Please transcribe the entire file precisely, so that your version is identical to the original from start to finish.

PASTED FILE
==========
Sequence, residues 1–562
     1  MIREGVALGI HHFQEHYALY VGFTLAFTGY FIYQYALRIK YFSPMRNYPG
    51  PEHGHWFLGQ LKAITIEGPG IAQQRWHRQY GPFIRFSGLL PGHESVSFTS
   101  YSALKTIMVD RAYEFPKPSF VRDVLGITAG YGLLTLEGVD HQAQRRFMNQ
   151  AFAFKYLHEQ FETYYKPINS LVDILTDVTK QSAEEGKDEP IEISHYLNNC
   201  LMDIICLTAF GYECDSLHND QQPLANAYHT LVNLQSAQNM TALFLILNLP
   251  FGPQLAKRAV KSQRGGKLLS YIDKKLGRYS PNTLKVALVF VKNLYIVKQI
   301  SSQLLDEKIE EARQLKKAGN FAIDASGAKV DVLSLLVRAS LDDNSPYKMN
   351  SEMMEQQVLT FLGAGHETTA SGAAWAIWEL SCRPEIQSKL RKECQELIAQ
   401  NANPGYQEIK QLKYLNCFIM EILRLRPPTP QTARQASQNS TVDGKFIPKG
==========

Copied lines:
Sequence, residues 1–562
     1  MIREGVALGI HHFQEHYALY VGFTLAFTGY FIYQYALRIK YFSPMRNYPG
    51  PEHGHWFLGQ LKAITIEGPG IAQQRWHRQY GPFIRFSGLL PGHESVSFTS
   101  YSALKTIMVD RAYEFPKPSF VRDVLGITAG YGLLTLEGVD HQAQRRFMNQ
   151  AFAFKYLHEQ FETYYKPINS LVDILTDVTK QSAEEGKDEP IEISHYLNNC
   201  LMDIICLTAF GYECDSLHND QQPLANAYHT LVNLQSAQNM TALFLILNLP
   251  FGPQLAKRAV KSQRGGKLLS YIDKKLGRYS PNTLKVALVF VKNLYIVKQI
   301  SSQLLDEKIE EARQLKKAGN FAIDASGAKV DVLSLLVRAS LDDNSPYKMN
   351  SEMMEQQVLT FLGAGHETTA SGAAWAIWEL SCRPEIQSKL RKECQELIAQ
   401  NANPGYQEIK QLKYLNCFIM EILRLRPPTP QTARQASQNS TVDGKFIPKG